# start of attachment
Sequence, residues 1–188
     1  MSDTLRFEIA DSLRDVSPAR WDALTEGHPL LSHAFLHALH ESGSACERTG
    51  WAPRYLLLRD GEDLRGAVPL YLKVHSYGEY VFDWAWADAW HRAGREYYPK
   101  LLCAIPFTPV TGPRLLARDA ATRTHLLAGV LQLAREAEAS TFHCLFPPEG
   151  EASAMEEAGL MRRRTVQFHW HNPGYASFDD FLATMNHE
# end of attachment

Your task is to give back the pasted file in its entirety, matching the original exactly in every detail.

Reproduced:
Sequence, residues 1–188
     1  MSDTLRFEIA DSLRDVSPAR WDALTEGHPL LSHAFLHALH ESGSACERTG
    51  WAPRYLLLRD GEDLRGAVPL YLKVHSYGEY VFDWAWADAW HRAGREYYPK
   101  LLCAIPFTPV TGPRLLARDA ATRTHLLAGV LQLAREAEAS TFHCLFPPEG
   151  EASAMEEAGL MRRRTVQFHW HNPGYASFDD FLATMNHE